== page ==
It might be easy to view Zune as something of an afterthought to the Windows Phone 7 experience, but actually it's one of the killer features of Microsoft's latest mobile operating system. You'd have to be deaf, dumb, blind and stupid not to have noticed the surge in popularity both of digital downloads and music streaming services in the past years, and Zune offers both of these features, conveniently integrated into the Windows Phone 7 experience (though also available on a Windows PC, for the WP7-sceptics).
The interface is, unsurprisingly, consistent with the rest of Windows Phone 7, and that's no bad thing, as it proves intuitive and simple to navigate. One possible annoyance is the strong push towards encouraging users to buy more music when playing what they already have. When browsing through your music collection, there's a dedicated marketplace section that when expanded throws up suggestions of tracks and albums by the same artist that you might wish to buy, rather than ones in your collection that you might want to play.
We appreciate that if you are a user of the services Zune offers, this integration is a nice touch, saving you the need to drop back into the home screen to view the Zune Marketplace. However, if you don't want to acquire your music from Microsoft the integration becomes interference. Moreover, unless some facility is opened up to let other providers integrate in a similar way, it's something of an unfair advantage for Microsoft.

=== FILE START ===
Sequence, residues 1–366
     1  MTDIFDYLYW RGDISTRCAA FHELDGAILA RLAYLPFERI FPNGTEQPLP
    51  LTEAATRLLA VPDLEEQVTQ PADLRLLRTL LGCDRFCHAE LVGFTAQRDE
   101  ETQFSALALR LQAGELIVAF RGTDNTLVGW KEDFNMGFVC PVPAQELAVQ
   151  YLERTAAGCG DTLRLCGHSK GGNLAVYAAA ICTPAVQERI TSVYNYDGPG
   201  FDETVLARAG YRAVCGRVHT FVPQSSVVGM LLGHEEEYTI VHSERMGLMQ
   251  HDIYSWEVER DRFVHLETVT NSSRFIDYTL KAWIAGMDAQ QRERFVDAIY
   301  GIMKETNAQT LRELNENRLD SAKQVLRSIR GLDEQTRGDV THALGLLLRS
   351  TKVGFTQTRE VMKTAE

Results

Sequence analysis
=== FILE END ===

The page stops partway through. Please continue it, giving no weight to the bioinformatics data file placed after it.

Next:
Redeeming this in our estimation is how brilliantly this integration works if you do sign up to a Zune Pass. Available in one, three or twelve-month subscriptions, this works similarly to services such as Spotify and Napster, letting you stream almost all music available in the Zune library (some tracks are purchase-only) on your phone and this is possible over both 3G and Wi-Fi. The same desktop software used to sync music also lets you stream it on a Windows PC - sorry Mac users, there's no love for you here from Microsoft.
At £8.99 month-by-month, or even less if you take a longer subscription period, a Zune Pass isn't an insignificant expenditure, but it's comparably priced to rival services and has a few advantages. Where other services offer offline modes, Zune goes a step further and lets you import tracks downloaded on your handset into your PC's collection, and vice versa.
Zune Pass was great on the Zune HD (not that its use was officially sanctioned in the UK, as Zune hardware was never made available by Microsoft here) but on Windons Phone 7 it's a potential game-changer. With a reasonably generous mobile data allowance you could conceivably never load any music files onto your phone. More likely, you can restrict your permanent library to just the music you listen to frequently and if you fancy listening to something a little off the beaten path while your away from a PC, just stream or download it from Zune.